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Big Russ, 1918 to 2008. Rest in Peace

New York, NY
reply to iansltx

Re: What are they smoking?

said by iansltx:

There are exactly two providers available in my town if you want to get fiber connectivity, and both would have to build out from their location to that of a subscriber.

I dont doubt it, however that only proves my assertion. What you are talking about is the textbook definition of last mile connectivity, of which I agree is in short demand in some places. Middle mile fiber typically refers to regional fiber between major market POPs. In some cases it can overlap and include towns, however that is really last mile fiber.
"No you won't" -The American people to President Obama (11/2/2010)


Austin, TX
·Time Warner Cable
·Verizon Online DSL
Tell that to middle mile providers/grentees from the 7.2B broadband bailout. I assure you, they will disagree completely.

Middle mile, as everyone except you defines it, is the mile (or 50, or 100) of fiber (or microwave) used to et betwee an ISP's PoP (usually in a Ier 3 or smaller cty) and a carrier neutral facility or other "zero loop" location.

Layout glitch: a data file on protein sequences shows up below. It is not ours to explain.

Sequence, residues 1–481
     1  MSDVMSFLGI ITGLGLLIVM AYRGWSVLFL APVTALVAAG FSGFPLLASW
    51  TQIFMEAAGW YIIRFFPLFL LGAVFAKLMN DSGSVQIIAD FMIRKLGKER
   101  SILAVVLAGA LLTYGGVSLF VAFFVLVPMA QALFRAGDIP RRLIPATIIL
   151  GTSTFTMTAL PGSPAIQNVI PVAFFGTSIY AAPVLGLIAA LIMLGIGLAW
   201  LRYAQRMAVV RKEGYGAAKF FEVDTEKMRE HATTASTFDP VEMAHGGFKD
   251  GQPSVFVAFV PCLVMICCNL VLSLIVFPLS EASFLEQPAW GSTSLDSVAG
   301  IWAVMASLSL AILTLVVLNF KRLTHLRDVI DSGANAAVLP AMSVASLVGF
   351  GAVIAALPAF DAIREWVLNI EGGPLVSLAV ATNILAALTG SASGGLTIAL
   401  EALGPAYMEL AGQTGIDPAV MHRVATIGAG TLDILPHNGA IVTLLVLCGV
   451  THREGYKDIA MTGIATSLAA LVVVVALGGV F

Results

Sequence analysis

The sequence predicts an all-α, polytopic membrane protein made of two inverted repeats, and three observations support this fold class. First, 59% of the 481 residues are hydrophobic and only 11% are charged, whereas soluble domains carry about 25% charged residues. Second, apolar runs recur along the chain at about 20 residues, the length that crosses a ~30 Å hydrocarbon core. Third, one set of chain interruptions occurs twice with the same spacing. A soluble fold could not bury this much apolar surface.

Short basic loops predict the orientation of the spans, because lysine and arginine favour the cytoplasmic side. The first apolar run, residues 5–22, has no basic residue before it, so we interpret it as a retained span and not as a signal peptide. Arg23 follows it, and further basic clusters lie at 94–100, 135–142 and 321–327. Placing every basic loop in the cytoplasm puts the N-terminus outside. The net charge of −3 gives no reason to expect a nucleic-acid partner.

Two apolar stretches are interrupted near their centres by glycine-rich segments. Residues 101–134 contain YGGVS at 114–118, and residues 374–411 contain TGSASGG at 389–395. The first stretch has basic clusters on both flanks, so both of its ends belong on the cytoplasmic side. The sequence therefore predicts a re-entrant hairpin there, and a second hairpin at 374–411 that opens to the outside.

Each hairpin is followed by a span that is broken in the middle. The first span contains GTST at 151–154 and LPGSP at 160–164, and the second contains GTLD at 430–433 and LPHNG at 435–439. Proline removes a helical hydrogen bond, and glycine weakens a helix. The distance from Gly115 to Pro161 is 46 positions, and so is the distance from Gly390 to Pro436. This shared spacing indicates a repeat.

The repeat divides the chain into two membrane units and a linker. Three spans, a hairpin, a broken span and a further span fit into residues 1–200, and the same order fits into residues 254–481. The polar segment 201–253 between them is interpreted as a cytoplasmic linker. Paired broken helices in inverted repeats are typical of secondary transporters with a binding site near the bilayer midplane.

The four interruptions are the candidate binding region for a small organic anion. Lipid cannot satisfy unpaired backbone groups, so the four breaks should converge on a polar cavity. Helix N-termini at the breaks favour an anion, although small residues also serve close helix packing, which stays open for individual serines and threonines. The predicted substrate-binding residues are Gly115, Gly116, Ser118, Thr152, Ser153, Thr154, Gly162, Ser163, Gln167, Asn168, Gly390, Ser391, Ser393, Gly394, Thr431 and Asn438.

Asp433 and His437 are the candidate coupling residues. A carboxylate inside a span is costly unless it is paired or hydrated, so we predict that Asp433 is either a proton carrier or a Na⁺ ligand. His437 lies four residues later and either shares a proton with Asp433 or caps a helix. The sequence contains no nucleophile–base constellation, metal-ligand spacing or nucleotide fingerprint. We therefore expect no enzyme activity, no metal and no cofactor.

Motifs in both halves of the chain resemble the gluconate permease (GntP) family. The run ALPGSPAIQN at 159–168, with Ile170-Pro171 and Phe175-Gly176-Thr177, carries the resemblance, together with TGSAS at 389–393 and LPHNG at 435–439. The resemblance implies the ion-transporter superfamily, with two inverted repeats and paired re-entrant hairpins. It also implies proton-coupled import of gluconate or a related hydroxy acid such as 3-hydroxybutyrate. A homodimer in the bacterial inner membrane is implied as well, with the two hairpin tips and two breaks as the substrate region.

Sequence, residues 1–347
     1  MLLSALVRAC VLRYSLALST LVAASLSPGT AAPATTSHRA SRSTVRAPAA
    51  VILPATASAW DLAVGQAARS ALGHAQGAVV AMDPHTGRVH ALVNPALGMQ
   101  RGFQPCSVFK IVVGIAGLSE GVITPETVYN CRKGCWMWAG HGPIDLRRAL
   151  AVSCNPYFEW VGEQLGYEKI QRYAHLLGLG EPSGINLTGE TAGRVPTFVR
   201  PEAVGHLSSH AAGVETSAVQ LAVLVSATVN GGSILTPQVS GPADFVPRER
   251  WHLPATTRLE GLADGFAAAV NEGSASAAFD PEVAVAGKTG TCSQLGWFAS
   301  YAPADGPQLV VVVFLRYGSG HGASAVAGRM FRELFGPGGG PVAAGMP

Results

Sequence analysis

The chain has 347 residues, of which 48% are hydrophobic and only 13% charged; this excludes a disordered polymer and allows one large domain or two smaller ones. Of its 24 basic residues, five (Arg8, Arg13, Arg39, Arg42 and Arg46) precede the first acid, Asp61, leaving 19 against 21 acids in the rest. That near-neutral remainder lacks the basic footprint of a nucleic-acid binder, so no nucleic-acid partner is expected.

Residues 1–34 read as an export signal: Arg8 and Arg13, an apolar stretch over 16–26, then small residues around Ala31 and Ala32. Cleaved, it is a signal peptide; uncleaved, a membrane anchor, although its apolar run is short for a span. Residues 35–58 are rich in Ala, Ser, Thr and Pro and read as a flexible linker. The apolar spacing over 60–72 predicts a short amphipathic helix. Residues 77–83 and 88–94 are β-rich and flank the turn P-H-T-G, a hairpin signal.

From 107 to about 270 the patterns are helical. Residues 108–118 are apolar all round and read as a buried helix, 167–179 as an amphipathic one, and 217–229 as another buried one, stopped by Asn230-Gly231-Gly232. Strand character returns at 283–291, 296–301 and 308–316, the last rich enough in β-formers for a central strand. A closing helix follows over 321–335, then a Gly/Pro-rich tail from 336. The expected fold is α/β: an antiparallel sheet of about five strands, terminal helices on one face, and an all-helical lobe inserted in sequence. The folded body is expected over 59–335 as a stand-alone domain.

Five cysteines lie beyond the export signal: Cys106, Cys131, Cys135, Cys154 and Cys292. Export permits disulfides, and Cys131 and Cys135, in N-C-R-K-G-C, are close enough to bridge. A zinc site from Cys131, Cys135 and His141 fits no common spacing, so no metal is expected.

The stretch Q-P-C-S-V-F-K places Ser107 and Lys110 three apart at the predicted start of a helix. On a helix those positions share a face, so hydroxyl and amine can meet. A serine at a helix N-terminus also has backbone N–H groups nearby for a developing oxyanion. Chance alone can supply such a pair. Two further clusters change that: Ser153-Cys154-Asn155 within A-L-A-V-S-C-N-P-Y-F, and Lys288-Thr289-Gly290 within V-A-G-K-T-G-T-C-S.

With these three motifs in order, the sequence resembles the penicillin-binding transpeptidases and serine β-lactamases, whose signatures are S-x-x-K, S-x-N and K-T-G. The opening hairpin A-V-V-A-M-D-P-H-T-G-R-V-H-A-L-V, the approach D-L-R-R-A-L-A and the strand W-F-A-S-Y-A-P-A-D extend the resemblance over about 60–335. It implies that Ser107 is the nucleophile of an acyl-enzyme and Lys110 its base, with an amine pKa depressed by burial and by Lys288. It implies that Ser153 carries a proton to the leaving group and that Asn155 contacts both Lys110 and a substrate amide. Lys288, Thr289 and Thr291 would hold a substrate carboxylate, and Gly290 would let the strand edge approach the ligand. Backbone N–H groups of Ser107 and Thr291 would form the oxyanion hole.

By my definition, cellular backhaul all th way up to the cell site is middle mile, though the cellular provider may own part of that middle mile in the form of microwave relays. Zayo is a big playerin this space...just ask T-Mobile. Last mile is the airspace between the cell tower and the user's aircard.

Taking a wireline example, middle mile is al the way to a cable headend. Last mile is the HFC network beyond the CMTS. Last mile on telcos is where active optics stp and passive ones begin...or where the DSLAM is. With Ethernet fibr networks lik SureWest the distinction is more subtle.

You can subdivide the above into parts that the ISP traditionally owns and parts that the telco (AT&T, Verizon, etc.) Traditionally owned (the loop charfge on a T1). However the fact remains that your definition of "last mile" and "middle mile" diverge from those of everyon else.